Top MPF Gainers and Losers in November 2023

All categories were in the green, but year-to-date winners continued to lead.

Kate Lin 08 December, 2023 | 11:01
Facebook Twitter LinkedIn


In November this year, MPF funds gained 4.5% on average. Allocation funds were the best performing asset class, returning 5.2% on average for November. An average equity fund returned 4.9%, followed by fixed income funds’ 3.7% gain. Money-market products returned 0.7%. After November’s strong performance, the negative return of the scheme’s funds narrowed to 1%.

Developed Markets Equities Continue to Outperform

Equity products investing in European, U.S., and Japanese equities continued to lead the board. In November, Europe equity MPFs brought investors a 9% gain. U.S. equity MPFs came second for the month with an 8.9% return. Global equity funds also averaged an 8.4% return and Japan equity funds ranked fifth, giving out a 6.9% increase.

All of the four categories have accumulated double-digit returns for the first 11 months of the year. U.S. equity is the top category as its average return amounts to 20.6%. It’s followed by the new investor darling, Japan equity, as the MPF category posted a 20% gain year to date.

The DIS – Core accumulation funds scored a 10.4% gain for the year, after climbing by 6.4% in November. Meanwhile, the less risky option for retirees, DIS – Age 65 plus averaged a 4.25% in November, reversing a flat loss to a 4.16% for the year.

Laggards remain to drag the scheme’s performance. Hong Kong equity MPFs, which make the largest category by the number of funds, returned 0.1% for the month, far from reversing the 13.3% loss the category accumulated so far. Another poor performer for 2023, China & greater China equity MPFs had a relatively better month, delivering a 2.5% gain. The category registered a 9.4% loss for the year.

Bonds Make a Comeback

All bond MPFs registered single-digit positive returns in November, as traders are looking ahead to rate cuts as soon as March 2024.

The CME FedWatch Tool data shows that bond futures markets are pricing in 1.25 percentage points of easing by the end of 2024, or five separate rate cuts of 0.25% each. That would take the fed-funds rate down to a target range of 4.00%-4.25% from its current target range of 5.25%-5.50%.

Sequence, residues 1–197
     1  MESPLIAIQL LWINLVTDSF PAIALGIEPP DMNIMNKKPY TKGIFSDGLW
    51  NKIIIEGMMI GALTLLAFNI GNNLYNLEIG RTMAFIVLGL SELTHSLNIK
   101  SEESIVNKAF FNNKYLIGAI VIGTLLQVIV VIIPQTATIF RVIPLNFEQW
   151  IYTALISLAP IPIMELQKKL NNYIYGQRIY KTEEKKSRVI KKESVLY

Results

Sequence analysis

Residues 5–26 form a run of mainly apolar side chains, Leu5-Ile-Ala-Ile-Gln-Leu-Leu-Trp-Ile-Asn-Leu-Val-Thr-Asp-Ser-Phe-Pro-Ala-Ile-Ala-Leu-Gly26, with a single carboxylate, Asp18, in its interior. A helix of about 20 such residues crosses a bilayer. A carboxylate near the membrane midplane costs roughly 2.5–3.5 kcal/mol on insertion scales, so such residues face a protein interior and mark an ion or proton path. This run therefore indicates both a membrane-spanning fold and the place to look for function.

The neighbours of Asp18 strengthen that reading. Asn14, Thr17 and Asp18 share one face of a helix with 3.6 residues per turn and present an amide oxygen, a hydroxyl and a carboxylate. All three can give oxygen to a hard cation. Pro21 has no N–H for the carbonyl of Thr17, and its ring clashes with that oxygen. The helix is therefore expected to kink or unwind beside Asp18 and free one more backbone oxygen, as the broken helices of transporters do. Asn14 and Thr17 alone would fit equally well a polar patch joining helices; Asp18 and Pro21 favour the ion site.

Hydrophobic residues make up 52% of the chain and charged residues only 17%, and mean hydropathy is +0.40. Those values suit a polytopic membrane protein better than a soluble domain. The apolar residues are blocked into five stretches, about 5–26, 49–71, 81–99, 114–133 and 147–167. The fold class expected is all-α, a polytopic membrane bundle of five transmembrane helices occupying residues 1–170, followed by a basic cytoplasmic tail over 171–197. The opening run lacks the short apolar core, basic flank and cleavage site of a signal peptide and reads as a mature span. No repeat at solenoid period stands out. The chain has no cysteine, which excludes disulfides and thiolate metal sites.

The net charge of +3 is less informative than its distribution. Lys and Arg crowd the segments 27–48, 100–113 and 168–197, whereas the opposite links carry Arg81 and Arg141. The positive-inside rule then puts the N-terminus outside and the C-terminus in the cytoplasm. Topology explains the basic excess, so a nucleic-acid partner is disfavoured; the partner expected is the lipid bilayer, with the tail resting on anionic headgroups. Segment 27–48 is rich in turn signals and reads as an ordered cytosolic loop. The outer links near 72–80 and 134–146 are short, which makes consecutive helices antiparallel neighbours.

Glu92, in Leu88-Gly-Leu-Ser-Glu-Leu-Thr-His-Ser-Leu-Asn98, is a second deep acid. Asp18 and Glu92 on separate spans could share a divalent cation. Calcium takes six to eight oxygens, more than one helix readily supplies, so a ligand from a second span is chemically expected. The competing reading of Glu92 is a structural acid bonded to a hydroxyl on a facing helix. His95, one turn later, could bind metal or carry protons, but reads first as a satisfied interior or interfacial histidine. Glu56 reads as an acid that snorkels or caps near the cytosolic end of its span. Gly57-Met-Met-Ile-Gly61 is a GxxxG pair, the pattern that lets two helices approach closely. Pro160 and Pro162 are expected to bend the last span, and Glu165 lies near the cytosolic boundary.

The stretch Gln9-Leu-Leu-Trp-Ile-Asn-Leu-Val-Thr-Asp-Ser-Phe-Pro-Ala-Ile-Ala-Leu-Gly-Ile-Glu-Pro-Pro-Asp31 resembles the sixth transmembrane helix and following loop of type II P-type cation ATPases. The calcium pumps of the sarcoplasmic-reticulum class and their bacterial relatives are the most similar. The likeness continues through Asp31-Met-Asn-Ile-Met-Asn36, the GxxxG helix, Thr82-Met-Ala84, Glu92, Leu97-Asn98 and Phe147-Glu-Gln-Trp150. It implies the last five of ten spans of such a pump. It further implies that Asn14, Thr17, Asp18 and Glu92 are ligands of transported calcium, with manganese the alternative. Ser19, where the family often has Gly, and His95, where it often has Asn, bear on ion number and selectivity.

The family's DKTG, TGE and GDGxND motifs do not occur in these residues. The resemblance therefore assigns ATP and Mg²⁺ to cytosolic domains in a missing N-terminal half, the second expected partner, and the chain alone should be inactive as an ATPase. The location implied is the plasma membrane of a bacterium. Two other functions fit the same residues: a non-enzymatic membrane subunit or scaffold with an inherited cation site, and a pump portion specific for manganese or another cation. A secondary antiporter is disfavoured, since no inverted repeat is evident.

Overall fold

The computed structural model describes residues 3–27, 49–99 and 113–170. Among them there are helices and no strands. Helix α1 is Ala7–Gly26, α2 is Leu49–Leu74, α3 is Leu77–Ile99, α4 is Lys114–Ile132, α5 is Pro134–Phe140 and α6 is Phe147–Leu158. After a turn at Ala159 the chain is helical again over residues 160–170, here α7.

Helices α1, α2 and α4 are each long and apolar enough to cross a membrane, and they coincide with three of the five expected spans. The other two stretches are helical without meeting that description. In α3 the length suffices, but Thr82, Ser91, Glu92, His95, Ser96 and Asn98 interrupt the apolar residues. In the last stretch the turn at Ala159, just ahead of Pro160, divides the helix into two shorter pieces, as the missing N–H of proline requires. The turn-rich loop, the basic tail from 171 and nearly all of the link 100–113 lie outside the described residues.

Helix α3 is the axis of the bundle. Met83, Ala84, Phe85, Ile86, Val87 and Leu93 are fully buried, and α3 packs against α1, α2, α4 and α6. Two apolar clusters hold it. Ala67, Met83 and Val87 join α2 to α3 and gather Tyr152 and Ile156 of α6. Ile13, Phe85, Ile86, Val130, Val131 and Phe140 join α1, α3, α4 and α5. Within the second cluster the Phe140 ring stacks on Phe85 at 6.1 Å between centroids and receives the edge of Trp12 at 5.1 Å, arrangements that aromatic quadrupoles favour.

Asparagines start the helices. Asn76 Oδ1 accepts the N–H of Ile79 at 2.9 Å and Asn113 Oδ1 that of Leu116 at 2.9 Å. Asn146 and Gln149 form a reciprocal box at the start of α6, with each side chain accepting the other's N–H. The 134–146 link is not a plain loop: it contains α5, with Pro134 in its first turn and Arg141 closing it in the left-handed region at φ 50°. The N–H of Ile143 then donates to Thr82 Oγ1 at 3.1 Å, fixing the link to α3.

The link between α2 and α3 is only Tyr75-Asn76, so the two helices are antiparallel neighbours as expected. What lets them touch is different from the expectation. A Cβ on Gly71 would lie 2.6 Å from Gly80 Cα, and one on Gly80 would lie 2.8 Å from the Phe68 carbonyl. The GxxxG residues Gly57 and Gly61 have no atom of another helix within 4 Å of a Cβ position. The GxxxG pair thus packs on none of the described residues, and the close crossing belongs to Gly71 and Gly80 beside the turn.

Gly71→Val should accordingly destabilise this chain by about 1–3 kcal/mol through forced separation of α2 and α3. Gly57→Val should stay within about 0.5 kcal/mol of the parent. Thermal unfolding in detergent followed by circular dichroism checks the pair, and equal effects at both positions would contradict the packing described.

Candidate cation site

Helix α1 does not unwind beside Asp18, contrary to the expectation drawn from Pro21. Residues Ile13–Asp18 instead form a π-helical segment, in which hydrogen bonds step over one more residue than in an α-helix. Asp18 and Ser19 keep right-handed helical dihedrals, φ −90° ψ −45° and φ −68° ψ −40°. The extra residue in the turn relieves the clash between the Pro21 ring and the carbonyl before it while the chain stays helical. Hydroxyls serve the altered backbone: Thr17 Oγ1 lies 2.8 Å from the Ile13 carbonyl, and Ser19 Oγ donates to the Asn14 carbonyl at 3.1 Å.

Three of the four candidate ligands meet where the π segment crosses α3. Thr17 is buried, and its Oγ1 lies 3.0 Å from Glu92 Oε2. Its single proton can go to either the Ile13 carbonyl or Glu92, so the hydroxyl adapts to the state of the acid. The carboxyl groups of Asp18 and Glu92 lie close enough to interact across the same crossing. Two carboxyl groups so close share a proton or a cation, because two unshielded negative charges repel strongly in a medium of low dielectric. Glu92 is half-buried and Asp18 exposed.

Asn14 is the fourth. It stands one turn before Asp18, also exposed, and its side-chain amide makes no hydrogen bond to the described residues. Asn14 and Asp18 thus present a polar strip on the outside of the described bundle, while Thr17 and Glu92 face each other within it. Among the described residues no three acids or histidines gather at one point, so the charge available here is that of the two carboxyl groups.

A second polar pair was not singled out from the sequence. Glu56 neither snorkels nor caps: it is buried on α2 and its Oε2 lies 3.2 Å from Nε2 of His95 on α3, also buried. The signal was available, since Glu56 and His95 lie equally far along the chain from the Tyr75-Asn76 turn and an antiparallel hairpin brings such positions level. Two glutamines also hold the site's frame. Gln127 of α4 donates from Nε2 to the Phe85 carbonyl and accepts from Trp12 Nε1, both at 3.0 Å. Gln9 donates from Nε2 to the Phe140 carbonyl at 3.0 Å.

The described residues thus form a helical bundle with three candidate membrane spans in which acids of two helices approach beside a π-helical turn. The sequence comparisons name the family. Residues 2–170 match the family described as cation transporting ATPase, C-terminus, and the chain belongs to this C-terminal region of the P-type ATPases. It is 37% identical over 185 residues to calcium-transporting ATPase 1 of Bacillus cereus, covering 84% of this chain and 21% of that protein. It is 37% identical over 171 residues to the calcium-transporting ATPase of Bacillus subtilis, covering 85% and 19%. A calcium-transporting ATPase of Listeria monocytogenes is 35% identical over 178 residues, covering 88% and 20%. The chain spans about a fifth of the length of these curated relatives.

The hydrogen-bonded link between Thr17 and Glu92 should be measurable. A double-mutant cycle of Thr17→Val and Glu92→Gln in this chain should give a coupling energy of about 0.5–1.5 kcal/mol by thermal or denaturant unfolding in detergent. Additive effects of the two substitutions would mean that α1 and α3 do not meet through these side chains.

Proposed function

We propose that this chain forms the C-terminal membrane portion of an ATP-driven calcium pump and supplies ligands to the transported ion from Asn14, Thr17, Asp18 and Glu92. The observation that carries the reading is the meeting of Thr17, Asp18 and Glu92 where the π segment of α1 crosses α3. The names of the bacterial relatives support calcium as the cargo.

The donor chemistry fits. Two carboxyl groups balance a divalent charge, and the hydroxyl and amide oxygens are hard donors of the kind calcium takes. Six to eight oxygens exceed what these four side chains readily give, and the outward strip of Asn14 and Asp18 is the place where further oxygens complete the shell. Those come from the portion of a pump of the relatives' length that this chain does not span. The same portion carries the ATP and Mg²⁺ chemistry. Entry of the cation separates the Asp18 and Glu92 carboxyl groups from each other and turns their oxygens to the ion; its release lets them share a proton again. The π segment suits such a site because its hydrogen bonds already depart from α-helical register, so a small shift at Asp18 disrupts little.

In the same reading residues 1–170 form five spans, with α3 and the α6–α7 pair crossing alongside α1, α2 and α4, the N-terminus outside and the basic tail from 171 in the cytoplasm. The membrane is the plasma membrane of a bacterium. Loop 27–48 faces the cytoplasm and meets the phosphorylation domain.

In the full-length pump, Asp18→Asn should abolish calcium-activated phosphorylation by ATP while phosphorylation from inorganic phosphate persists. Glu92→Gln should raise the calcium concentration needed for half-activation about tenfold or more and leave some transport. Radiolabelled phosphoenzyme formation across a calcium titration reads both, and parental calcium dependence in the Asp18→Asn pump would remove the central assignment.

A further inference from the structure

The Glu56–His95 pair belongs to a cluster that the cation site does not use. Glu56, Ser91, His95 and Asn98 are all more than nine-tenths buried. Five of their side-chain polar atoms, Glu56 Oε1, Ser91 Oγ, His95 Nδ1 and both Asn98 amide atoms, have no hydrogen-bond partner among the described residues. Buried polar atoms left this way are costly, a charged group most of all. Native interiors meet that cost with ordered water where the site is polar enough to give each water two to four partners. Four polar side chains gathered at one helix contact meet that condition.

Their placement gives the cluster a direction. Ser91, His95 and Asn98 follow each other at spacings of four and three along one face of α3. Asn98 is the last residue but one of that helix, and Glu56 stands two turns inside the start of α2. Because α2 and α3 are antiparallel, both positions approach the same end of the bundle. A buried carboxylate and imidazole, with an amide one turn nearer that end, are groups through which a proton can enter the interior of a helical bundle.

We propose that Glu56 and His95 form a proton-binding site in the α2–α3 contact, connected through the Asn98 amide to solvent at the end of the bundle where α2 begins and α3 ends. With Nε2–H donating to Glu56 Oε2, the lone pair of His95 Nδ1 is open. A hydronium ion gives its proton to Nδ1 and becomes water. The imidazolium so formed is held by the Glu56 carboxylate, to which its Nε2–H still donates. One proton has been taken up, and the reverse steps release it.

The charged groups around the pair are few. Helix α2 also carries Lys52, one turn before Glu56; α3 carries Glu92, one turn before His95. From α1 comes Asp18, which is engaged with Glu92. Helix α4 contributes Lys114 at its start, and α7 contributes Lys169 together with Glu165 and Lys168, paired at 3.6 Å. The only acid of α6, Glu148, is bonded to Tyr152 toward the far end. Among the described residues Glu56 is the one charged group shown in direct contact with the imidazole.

On the back of this anticipation, while the yield curve remains inverted, the yield on the 10-year Treasury note fell to 4.37% from 4.88% at the end of October. Because of the reverse relationship between bond yield and price, bond funds experienced strong gains over this period.

The best-performing category is global bond funds, which posted a 4.4% gain for the past month. But, in terms of year-to-date performance, HKD bond funds led the board with a 3.6% return. Moreover, this category has been out of favor for the past decade as each of the bond categories gave out a flat return only. 

Korean Stocks Lead

In terms of individual funds, the best performers in November were two share classes of Haitong Korea Fund, which registered a robust gain of 14.6%. Amid fears around global trade slowdown and weaker demand for chip exports, Korea was among the weakest Asian equity markets from August. Subsequently, as the outlook on the Fed interest rates brightened up, Korean equities began to move higher from mid-November. In U.S. dollar terms, Morningstar Korea Index advanced by 11.6% for the month.

The top five list is then completed by Manulife GS MPF Euro Eq, Manulife GS MPF N Amer Eq, and BCT (Industry) Global Equity Fund. Each of the funds was giving out a return above 10%. 

The bottom five funds were either actively managed or index-tracking Hong Kong equity funds. Manulife GS MPF HSI Tracking was the worst performer, moderately dropping by 1.05%. The fund is followed by four other peer funds which lost between 0.73% and 0.39%. To find the bottom-performing fund that isn’t a Hong Kong or China fund, MPF contributors will have to go down to the 30th place, taken by Manulife GS MPF Interest, which gave out a flat return in November.

Facebook Twitter LinkedIn

About Author

Kate Lin

Kate Lin  is an Editor for Morningstar Asia, and is based in Hong Kong

© Copyright 2024 Morningstar Asia Ltd. All rights reserved.

Terms of Use        Privacy Policy       Disclosures